Agnese Fermo is a mathematics professor from Milan, Italy; she is married and has two children. She is also a member of the International Commission of the Centre for Dialogue with people of the Focolare that have no religious affiliation. We asked her to tell about her experience of the past several years engaged in this open dialogue and to present the upcoming conference titled “Is there meaning in suffering?”
“I attended the international gatherings on this dialogue at Castel Gandolfo and other gatherings where we went deeper into the spirituality of the Movement. Right from the start we perceived the importance – for each one of us – of this communitarian experience that Chiara Lubich was offering to us. Dialogue, besides being an expression of the gift of diversity, was also a tool that enriched our thinking. I’ve belonged to the “dialogue group” in Milan for about 15 years. The need and desire that each of us had for dialogue made us feel that we were necessarily part of the human experience of a whole sector of humankind, and carriers of part of the truth through the relationships that we were building. But this experience couldn’t remain enclosed in a group: it was the trace of a path for each one of us to follow, besides for the Movement itself. We felt like we had to step out of structured groups, especially after Chiara left us.
In Milan this has taken place, but with the many people with whom we’ve shared this experience – both members and non-members of the Movement – the relationship has remained deep and real.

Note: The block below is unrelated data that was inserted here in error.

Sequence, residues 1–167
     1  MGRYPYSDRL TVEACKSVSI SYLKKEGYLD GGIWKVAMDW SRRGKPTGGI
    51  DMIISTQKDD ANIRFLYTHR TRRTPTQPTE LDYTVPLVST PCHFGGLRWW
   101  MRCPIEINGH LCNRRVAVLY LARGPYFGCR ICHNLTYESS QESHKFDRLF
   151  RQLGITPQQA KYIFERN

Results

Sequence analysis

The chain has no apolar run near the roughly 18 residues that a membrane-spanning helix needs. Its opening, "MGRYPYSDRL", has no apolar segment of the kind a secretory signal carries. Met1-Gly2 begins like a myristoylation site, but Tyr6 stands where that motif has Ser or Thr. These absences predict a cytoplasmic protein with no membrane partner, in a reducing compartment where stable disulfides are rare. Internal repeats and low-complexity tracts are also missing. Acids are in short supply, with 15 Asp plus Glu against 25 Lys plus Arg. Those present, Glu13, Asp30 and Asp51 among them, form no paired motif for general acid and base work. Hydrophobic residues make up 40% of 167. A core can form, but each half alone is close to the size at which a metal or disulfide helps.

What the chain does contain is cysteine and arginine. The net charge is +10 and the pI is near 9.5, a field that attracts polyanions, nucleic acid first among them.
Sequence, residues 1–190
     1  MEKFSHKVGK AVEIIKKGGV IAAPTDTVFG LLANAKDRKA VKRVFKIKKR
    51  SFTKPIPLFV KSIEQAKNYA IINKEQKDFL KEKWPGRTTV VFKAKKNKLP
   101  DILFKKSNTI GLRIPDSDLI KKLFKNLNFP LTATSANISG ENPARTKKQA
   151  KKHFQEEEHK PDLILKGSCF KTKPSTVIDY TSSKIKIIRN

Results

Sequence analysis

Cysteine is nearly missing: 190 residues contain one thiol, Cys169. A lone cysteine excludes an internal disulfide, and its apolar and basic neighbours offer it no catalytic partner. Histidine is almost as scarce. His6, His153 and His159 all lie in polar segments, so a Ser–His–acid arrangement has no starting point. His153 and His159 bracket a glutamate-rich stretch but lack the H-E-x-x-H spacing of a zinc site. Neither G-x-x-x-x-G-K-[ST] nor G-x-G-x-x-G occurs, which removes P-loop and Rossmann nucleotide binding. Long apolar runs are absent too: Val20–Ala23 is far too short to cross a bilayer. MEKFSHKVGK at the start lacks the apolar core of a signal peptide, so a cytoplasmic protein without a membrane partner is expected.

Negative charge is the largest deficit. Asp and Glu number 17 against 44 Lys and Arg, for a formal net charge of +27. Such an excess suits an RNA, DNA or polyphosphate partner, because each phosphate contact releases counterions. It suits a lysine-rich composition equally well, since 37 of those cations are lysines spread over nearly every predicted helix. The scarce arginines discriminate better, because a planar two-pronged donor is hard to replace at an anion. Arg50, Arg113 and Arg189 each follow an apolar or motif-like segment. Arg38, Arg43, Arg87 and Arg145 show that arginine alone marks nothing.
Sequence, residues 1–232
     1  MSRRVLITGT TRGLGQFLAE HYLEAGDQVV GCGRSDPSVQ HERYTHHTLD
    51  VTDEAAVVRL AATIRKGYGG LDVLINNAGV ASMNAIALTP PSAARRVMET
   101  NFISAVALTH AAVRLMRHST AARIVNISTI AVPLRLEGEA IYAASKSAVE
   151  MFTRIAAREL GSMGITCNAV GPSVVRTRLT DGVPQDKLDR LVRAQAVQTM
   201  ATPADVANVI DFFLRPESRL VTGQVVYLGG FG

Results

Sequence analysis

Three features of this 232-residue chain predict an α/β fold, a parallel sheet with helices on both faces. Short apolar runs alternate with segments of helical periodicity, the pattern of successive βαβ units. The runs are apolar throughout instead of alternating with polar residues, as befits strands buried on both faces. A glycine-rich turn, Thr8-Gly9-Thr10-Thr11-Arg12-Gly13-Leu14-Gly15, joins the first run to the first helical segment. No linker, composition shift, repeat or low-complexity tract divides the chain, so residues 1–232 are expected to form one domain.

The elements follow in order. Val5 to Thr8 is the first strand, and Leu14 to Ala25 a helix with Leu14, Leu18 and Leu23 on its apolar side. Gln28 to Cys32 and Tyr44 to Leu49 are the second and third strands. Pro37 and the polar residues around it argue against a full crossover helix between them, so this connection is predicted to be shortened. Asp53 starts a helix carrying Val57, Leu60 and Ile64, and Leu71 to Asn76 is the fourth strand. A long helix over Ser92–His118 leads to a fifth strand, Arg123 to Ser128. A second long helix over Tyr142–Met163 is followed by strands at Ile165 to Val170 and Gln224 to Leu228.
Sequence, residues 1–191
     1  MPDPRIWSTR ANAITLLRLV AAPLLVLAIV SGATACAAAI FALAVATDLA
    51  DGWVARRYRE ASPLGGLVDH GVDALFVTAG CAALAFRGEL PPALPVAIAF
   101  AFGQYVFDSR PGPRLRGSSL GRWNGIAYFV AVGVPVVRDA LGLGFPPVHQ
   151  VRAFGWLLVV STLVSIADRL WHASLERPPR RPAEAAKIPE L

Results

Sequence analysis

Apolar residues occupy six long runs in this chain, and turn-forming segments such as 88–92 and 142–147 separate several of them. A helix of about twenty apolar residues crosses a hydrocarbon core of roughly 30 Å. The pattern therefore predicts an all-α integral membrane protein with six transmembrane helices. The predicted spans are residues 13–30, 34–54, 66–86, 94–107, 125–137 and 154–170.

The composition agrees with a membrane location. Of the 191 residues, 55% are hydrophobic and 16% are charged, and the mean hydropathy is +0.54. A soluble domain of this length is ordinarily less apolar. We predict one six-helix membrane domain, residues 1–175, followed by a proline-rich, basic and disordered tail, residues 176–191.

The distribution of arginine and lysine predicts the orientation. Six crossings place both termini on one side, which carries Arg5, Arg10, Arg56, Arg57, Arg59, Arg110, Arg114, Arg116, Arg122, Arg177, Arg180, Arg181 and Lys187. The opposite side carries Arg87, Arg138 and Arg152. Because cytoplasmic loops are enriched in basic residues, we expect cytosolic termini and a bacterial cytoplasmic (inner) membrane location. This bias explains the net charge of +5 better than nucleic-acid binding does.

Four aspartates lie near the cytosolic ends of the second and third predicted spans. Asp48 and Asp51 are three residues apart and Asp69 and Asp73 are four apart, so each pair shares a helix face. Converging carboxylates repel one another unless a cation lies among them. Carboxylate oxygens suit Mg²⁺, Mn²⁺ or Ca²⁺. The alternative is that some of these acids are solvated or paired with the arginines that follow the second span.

Regarding the upcoming conference titled Is there meaning in suffering? I believe I can say that we haven’t fixed any particular goal. I think this is because of the need we feel to give space to dialogue, not so much in the sense of comparing thoughts on the theme itself (there’s a lot of literature on this topic! And it’s often avoided as a topic). Rather, we’d like to create a space in which we can welcome people that have such a different religious sense towards life, a space capable of giving enough breathing room to this other portion of humanity that we represent, we who have different religious convictions.
But there is also the desire to offer a communitarian experience, even if only for three days, to live within a dimension of mutual freedom beyond affiliation, in which each one of us can offer their our experience and innermost feelings on such a delicate topic as suffering.
Personally, I wouldn’t know what the meaning of suffering is. I haven’t found an answer that has been able to express the mystery contained in that question. As I wonder about it whenever I visit the women’s prison, made me discover the value of my presence in that place as a time of sharing made up of mere moments, of the solitude that marks the pain of those women that I encounter. From them I’ve receive precious gifts and discovered the value of the embrace that that sharing contains which, although brief in time, brings to life our being [gifts] for each other.
Knowing how to ‘stay inside the wound’ – which for me, means to say, being called to accept whatever life has in store for me in that moment – there’s submission in front of what you can’t avoid, [submission] to the suffering that we’re all asked to go through.”